Despite relatively large uncertainties, it is well accepted that, globally, atmospheric NH3 is primarily emitted by agricultural activities and biomass burning (Asman et al., 1998; Bouwman et al., 1997). As a consequence, one would expect the NH3 concentrations in the atmosphere over rural environments with lush vegetation and agricultural land use to be higher than those in (sub)urban areas, where agricultural activities are mostly absent. In our study, the average NH3 concentrations at the nine respective sites are 19.5 µg m−3 (S1; suburban), 11.9 µg m−3 (S2; suburban), 8.8 µg m−3 (S3; rural), 9.0 µg m−3 (S4; rural), 7.0 µg m−3 (S5; rural), 20.2 µg m−3 (S6; urban traffic), 18.1 µg m−3 (S7; urban traffic), 19.6 µg m−3 (S8; urban) and 16.6 µg m−3 (S9; urban) (see also compilation in Fig. 4). Thus, against current paradigms, the observed NH3 concentrations clearly reflect an urban (18.6, n=68) to suburban (, n=34) to rural (8.3, n=51) gradient. Such a concentration gradient can be taken as evidence that nonagricultural activities (including on-road traffic), at least in some regions, can outweigh agriculture and/or BB as the dominant NH3 source in urban areas.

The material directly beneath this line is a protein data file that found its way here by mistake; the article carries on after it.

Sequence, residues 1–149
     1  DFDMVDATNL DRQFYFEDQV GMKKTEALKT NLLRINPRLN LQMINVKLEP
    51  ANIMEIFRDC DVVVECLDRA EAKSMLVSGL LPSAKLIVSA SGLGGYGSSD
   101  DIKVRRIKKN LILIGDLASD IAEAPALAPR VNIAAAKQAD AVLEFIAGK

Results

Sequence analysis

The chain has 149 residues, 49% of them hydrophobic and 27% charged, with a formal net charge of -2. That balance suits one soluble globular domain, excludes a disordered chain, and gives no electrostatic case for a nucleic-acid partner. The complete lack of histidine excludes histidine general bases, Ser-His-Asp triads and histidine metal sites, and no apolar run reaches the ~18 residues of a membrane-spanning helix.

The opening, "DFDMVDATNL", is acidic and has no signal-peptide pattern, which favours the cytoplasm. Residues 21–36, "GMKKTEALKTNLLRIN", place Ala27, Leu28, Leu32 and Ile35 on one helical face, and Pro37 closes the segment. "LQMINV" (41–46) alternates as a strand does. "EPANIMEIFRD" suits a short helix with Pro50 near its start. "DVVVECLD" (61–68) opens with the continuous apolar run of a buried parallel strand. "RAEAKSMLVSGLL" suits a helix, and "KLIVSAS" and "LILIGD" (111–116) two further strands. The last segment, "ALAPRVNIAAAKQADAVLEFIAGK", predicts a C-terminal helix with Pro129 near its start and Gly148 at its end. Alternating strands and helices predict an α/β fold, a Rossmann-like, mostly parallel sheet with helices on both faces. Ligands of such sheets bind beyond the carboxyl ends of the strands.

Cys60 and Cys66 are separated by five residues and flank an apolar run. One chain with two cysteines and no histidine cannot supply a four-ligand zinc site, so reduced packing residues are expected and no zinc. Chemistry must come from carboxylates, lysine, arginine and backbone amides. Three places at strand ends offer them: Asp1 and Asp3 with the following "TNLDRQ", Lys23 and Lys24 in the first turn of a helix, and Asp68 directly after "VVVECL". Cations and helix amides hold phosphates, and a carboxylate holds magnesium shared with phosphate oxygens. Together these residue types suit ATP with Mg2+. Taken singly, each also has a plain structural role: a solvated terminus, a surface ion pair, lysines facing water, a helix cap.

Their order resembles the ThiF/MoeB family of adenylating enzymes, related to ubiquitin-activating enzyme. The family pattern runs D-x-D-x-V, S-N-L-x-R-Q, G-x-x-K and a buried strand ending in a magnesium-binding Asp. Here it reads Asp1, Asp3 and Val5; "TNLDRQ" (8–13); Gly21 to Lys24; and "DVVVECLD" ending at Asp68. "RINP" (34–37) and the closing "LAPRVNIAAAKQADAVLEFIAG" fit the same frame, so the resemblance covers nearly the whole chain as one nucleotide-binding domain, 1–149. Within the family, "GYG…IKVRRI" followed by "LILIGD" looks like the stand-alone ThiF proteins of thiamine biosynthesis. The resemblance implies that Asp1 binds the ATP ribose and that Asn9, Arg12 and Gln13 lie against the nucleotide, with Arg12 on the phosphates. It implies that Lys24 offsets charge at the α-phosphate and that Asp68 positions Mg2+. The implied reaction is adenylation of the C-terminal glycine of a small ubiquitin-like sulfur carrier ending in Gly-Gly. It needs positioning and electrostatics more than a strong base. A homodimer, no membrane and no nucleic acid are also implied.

Indeed, a growing body of studies confirm that the urban atmosphere can be a hot spot of NH3 release. Nonagricultural activities, such as wastewater treatment, coal combustion, solid garbage handling, vehicular exhaust and urban green space contribute strongly to urban to NH3 emissions (Chang et al., 2016a, 2015, 2019b; Teng et al., 2017; Li et al., 2016; Sun et al., 2017). For example, high vehicular NH3 emissions from three-way catalysts (TWCs) have been demonstrated in chassis dynamometer vehicle experiments, road tunnel tests and through ambient air measurements (Huang et al., 2018; Chang et al., 2016b, 2019b).